Pedagogical content knowledge in the Tasmanian classroom: testing teacher PCK in the delivery of ‘Human–Nature Relationships’, a unit of the Tasmanian senior secondary subject Outdoor Leadership.

Ms Alison Savage1
1University of Tasmania, Hobart, Australia


With the belief that all students deserved an exemplary education, I became actively involved in national and state-based working groups and committees that focus on curriculum development, policy and reform. In part it is these experiences that prompted me to return to academic studies to complete a Masters of Educational Leadership. My focus has been looking at Pedagogical Content Knowledge frameworks in Outdoor Education, particularly their role in teacher professional development and where OEPCK fits within a broader field of contemporary outdoor education research.

In a world marked by unrelenting change teachers must develop sound content and pedagogical understandings that ensure quality educational experiences for the students they teach. Teachers must “know their stuff and be confident in the ideas they want their students to learn about or engage with … they need to have knowledge and skills which they will employ in facilitating their students’ learning” (Bahr, 2016, p. 30). I argue that the teaching of outdoor education requires no less.

In response to such demands on today’s teachers Helen Chick and Dr Janet Dyment devised a Pedagogical Content Knowledge framework for teachers of outdoor education. Their belief was that such a framework could enrich discussions of what it looks like to teach outdoor education well, whilst also contribute to conversations around teacher knowledge, pedagogy, and curriculum. The framework was tested in two Honours dissertations (Macqueen, 2017; Walker, 2016), before being presented in a theoretical paper published in 2018. Whilst completing my Masters of Educational Leadership I sought to extend this initial research by testing the framework in terms of not solely what a teacher intends to do in the classroom, but what actually occurs during a lesson, and why certain pedagogical choices are made. This qualitative study involved semi-structured interviews as well as direct observation of two lessons.

My research focused on Outdoor Leadership (OXP315118) a Tasmanian senior secondary outdoor education subject, looking specifically at Unit 5: Human–Nature Relationships. As a topic that typically presents students with complex ideas not dealt with elsewhere in the Tasmanian curriculum, it lent itself to deep and rich analysis of teacher PCK. It is the findings of this research project that I would like present at the upcoming National Outdoor Education Conference.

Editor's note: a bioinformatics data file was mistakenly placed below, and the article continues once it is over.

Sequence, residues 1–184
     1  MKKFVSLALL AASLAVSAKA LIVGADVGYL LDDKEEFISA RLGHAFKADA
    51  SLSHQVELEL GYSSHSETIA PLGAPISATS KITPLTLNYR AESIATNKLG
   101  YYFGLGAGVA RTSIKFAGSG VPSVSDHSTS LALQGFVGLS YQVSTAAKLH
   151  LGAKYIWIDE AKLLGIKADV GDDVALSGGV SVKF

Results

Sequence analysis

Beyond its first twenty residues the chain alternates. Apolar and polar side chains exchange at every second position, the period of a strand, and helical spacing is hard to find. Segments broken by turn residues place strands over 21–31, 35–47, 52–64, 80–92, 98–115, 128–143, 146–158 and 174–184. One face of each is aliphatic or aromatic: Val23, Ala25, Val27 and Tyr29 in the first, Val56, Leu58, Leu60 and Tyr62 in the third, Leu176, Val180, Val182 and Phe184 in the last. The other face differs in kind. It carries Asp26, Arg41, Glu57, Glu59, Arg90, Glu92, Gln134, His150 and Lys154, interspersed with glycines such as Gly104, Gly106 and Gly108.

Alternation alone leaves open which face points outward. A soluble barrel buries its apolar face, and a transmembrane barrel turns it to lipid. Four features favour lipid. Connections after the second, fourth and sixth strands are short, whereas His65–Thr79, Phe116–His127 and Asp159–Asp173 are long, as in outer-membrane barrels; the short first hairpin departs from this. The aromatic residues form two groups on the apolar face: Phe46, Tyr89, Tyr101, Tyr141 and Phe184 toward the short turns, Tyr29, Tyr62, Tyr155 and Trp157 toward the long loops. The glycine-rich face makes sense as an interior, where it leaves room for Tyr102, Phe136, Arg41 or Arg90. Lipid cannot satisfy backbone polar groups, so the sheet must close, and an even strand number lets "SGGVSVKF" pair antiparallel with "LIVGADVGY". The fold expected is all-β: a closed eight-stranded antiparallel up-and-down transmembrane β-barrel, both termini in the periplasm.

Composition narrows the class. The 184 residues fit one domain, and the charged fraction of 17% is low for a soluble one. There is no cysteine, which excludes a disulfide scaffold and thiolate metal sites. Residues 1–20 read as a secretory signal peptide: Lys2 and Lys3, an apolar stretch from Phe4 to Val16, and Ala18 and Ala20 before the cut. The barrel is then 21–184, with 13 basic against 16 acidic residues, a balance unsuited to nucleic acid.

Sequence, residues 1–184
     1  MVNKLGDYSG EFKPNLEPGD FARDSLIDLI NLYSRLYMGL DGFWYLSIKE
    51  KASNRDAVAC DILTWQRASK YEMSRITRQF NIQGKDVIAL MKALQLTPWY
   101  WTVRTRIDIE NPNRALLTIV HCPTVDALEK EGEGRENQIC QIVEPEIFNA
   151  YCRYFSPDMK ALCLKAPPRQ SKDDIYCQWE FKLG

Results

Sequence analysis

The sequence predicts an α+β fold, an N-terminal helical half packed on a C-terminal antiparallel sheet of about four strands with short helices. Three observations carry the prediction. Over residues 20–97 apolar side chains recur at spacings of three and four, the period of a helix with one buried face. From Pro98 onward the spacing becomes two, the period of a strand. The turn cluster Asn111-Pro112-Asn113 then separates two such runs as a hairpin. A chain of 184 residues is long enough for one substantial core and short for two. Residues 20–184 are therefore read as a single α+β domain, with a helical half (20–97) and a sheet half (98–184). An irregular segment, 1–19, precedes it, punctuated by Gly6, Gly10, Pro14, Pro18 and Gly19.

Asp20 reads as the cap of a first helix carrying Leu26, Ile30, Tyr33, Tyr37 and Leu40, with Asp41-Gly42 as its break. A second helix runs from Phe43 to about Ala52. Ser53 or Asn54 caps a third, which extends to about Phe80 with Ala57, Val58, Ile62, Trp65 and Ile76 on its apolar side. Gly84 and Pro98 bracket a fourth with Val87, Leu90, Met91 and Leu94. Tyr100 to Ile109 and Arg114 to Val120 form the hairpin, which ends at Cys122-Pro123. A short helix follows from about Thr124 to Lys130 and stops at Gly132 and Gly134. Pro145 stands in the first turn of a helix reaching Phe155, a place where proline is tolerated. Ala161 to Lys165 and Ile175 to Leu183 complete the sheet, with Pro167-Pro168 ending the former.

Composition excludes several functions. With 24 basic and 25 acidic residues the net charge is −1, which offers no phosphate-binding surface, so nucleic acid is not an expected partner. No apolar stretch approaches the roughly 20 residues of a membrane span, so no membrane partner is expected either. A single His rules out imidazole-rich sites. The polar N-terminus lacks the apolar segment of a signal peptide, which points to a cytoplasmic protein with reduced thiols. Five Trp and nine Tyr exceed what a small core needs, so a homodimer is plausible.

I currently hold the position of Director of Curriculum at Guilford Young College, a senior secondary co-educational Catholic College in Hobart. Since completing a Graduate Diploma in Outdoor Education at La Trobe University Bendigo in 1996 I have been activity involved in the field of outdoor education. Whilst living in NSW I worked as an outdoor education instructor for a range of schools and commercial organisations before moving to Tasmania in 2003, at which point I taught and guided part time concentrating on my work as a print editor. For several years I conducted workshops in editing and web writing for Government, though it was not long before the pull of the classroom prompted me to return to student education. I taught across various disciplines including Outdoor Education, English and the Humanities.

About OEA and Outdoors NSW

Outdoor Education Australia (OEA)  was established in 2006 as a national network of outdoor education associations. The organisation facilitates communication between state and territory outdoor education associations about the practice and delivery of outdoor education; advocates for outdoor education across primary, secondary and tertiary education; and provides policy advice.

Outdoors NSW is the go-to place for all things outdoors in NSW.

The peak body for the outdoors in NSW, the organisation, (formerly known as ORIC), represents the outdoor community, advances outdoor standards, safety and practices, and fosters greater participation in the outdoors.

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